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Emergency Medicine Informatics

COVID-19: Rapid Application of Technology for
Emergency Department Tele-Triage

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Primary Author:

Todd B. Taylor, MD, FACEP

ACEP HIT Committee Vice-Chair

Emergency Physician & Independent HIT Consultant

Certified Emergency Medicine, ABEM

Certified Clinical Informatics, ABPM

An Information Paper Created by Members of the ACEP Health Information & Technology Committee


Abstract
Telehealth has emerged as an opportunity to address serious challenges faced by the highly contagious COVID-19. Emergency physicians are urgently considering options for tele-triage as one solution to reduce risk of infection, reduce PPE use and enable staff in self-quarantine to continue duties. Telehealth is perhaps the ultimate form of “electronic” Personal Protective Equipment (ePPE).

Several have promoted telehealth as an alternative to face-to-face healthcare interactions to reduce in-person healthcare visits and prevent viral transmission within healthcare facilities. Tele-triage has been shown to “provide a safe and efficient alternative to in-person screening of patients while allowing a comparable level of efficiency, decreasing rates of Left Without Being Seen (LWBS) and providing greater flexibility in the provider’s schedules.”

Regulatory Changes & Waivers have enabled broad use of telehealth including ED triage from remote locations enhancing efficiency of Medical Screening Examination (MSE) providers.

  • HIPAA Waiver allows use of non-HIPAA compliant technology during the National Emergency Declaration, so ED & on-call providers can have video communication with patients via personal smartphone, tablet, laptop, kiosk, etc.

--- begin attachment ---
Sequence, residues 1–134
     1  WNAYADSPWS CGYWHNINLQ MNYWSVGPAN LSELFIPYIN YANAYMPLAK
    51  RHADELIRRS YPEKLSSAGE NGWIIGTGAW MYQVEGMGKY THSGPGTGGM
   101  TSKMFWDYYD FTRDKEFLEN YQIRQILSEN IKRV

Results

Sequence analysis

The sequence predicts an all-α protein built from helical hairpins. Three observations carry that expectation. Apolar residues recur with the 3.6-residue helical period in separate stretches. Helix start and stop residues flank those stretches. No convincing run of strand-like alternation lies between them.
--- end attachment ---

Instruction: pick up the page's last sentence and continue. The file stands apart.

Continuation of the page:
• EMTALA Waiver does not affect telehealth directly, but allows for alternative OFF-campus screening (MSE defer/refer to off-campus locations) which may be served by remote MSE providers.
  • Updated EMTALA Guidance Clarifies:
    • Alternative ON-Campus Screening: Previously allowed (without waiver), but CMS clarified the use of tele-triage by remote physician\QMP with an onsite nurse.
    • “Drive-Through” Testing: Allowed, but may require at a brief interaction with a nurse which could be done remotely via a tablet or other device.
    • QMP Qualifications: Reiterates QMPs for MSE purposes must be “acting within their scope of practice and licensure” (functionally eliminates RNs in most states), but expands use of APPs (PA\NP) for MSE via remote access.
    • ED Tele-Triage MSE: Clarifies MSE can be done via telehealth (on or off-site). Assuming clinical circumstances do not require an in-person physical exam, it is not required. Onsite RN may perform “assessments” (including physical findings) reported to the QMP. This is more than mere triage & has potential to discharge from triage (with only an RN physically interacting with the patient). Whether MSE completion and discharge at triage is advisable is a matter of local hospital policy.

Telehealth ED E/M Billing Codes: Medicare can be billed typical ED E/M billing codes (99281 to 99285, 99291-99292 & Observation Codes 99217-99220, 99224-99226 & 99234-99236) for the duration of the Declared National Emergency.

Summary
This Information Paper provides guidance including context, review of various solutions, and an example of a rapid tele-triage implementation process. Taken together, tele-triage can have a dramatic impact on ED operations from all perspectives including economically. A single provider can manage multiple patients in triage, seamlessly across multiple facilities. While it may seem implausible, tele-triage can be implemented at one or more EDs within a hospital system in just a few days.

For many, telehealth has suddenly become a necessity. Regulatory relief has finally made it economically feasible. The necessary technology (software & hardware) are now very affordable. Hospitals using these solutions consistently show improved throughput, patient safety, and satisfaction. There is relatively little risk. With the help of an established vendor, the implementation process is surprisingly easy and fast. The COVID-19 pandemic presents a major challenge, but it is also an important opportunity to take emergency care to the next level. The only missing ingredient is the will to do it. And, as perhaps never before, the lives of your patients and staff depend on it.

Full Paper Available Here



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